First of all, if at all possible, grow a cutting garden. There is nothing more wonderful than being able to go out to your yard and come back with an armful of beautiful fleurs to beautify your home. I myself have a garden that has poppies, tulips, irises, lilies of the valley, rhodeodendrums, hydrangeas plus a few others. I am also blessed with a patch of wild violets – both purple and white. Whatever is in season is what you will find in my house at the time. There is nothing more wonderful smelling than a house in the spring filled with lilacs, lilies of the valley, tulips and violets. I keep a variety of vases in all sizes to fill each room with flowers. Although a lot of my garden is spring flower oriented, try to grow flowers that will bloom at different times from spring to fall so that you will always have something available.
If you don’t have room for a garden, I encourage you to support your local florist or farmers market.
OK…Now that you have flowers, what do you do with them? Always, always, always if you haven’t cut them fresh yourself, recut the bottom of the stem before you put them in water. Prepare the water by putting a low dose aspirin (81 mgs) into the water along with a good-sized pinch of sugar. The sugar serves as food for the flower and the aspirin allows the plant to absorb water more easily.
Arranging the flowers is a bit of a personal thing. No one likes the same thing all the time. One important tip….as you are arranging your flowers, make sure all leaves are above the water line. If you don’t do this, the leaves will rot quickly and make for a really foul smelling water. There is nothing I like better than a tall clear vase with about a half dozen white gladiolas. I think it is sheer elegance. I also prefer a smaller vase with white tulips. If you prefer a mix, it’s up to you. Color co-ordinate as you would your wardrobe. In other words, don’t put orange and purple flowers in the same vase. ICK! Now that doesn’t apply if you are doing a big arrangement of wild flower. Mother Nature has provided us with a beautiful palate of wild flowers that somehow always seem to go together. Here in upstate NY, you can drive along a country road and pick a variety of wild flowers from Black Eyed Susan’s to Queen Ann’s Lace.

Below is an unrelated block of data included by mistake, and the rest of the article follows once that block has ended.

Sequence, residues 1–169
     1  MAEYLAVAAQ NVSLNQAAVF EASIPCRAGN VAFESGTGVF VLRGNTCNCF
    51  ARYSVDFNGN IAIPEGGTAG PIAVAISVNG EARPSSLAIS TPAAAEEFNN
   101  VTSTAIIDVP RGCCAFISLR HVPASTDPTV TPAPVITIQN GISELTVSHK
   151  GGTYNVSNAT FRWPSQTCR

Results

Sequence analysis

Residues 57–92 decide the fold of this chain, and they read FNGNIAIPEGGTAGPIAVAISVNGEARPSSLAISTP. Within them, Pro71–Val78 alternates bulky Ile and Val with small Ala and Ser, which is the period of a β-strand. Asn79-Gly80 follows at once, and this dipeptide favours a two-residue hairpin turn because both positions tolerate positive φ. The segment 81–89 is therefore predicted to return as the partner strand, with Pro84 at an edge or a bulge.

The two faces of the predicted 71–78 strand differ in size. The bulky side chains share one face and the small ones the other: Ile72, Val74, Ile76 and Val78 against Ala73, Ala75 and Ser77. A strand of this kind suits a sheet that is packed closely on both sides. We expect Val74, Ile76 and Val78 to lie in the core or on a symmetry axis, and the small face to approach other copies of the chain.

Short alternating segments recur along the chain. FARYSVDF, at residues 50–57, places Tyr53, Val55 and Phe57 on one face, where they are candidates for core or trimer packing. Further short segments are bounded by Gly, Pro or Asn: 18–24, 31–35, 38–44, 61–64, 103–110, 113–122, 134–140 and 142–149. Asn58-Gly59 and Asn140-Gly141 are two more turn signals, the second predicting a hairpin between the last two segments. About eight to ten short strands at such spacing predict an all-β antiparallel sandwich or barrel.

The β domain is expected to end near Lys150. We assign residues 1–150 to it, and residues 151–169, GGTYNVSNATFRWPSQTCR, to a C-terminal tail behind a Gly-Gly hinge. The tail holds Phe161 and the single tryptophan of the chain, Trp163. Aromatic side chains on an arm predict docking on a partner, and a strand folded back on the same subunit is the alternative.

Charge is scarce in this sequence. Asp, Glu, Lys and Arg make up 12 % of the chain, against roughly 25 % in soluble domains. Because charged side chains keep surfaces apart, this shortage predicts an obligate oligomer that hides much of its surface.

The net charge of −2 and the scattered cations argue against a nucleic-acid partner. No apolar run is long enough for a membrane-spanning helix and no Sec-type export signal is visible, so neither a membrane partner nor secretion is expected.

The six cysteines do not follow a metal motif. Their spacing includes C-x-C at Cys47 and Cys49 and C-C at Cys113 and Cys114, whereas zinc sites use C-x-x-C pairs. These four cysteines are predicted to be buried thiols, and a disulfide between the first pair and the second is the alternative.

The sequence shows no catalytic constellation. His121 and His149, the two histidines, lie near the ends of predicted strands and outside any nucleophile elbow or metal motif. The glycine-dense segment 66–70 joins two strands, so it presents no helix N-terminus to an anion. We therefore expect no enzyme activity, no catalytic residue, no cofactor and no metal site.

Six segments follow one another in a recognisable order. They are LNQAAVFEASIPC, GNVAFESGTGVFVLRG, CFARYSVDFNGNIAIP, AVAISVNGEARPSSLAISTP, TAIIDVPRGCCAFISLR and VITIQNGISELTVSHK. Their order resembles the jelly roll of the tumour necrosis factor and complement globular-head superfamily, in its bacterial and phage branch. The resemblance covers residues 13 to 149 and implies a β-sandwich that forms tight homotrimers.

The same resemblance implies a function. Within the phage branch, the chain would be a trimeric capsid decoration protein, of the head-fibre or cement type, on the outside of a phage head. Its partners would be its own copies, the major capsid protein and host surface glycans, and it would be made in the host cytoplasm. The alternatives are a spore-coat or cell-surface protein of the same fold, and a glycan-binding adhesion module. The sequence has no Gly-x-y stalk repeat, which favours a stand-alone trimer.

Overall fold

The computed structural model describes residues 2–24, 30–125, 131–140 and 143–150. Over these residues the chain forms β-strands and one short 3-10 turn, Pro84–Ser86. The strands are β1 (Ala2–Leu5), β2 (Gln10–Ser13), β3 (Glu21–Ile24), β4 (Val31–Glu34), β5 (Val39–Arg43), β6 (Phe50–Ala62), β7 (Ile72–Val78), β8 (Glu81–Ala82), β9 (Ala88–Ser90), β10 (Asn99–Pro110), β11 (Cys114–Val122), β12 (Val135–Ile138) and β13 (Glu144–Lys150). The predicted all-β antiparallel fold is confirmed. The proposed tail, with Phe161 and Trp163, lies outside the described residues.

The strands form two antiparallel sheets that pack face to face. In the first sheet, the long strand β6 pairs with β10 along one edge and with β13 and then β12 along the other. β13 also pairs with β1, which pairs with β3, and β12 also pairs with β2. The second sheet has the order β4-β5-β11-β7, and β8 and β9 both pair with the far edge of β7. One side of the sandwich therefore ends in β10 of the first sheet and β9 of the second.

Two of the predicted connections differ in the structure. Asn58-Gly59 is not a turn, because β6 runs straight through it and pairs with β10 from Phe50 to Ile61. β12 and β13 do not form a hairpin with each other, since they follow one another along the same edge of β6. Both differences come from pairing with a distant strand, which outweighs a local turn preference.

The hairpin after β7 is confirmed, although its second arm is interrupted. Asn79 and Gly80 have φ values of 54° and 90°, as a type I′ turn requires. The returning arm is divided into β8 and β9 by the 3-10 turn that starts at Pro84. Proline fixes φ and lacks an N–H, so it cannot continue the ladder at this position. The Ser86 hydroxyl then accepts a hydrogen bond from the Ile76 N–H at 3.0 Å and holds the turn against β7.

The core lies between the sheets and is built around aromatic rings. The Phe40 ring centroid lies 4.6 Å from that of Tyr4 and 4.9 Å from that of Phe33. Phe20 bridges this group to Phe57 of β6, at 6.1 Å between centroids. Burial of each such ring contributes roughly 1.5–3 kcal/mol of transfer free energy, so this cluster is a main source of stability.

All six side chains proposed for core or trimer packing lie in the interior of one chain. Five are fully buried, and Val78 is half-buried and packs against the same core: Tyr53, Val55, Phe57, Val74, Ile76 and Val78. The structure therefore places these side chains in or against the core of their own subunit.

No matter how you arrange your flowers, the trick is just to do it. No home is complete without some of nature’s beauty. Enjoy!
The Contessa – The Diva of The Day
A Note From The Antiques Diva
Have you enjoyed the photos in today’s blog? All of these beautiful pictures were taken at Holland’s famous garden Keukenhof – the world’s largest flower garden with over 7 Million flower bulbs planted annually! In 2009 Keukenhof will be open from March 19 to May 21 – and this Diva typically visits a number of times to see the blossoms in their various stages. Rumor has it that this year mid April is the best time to go to Keukenhof.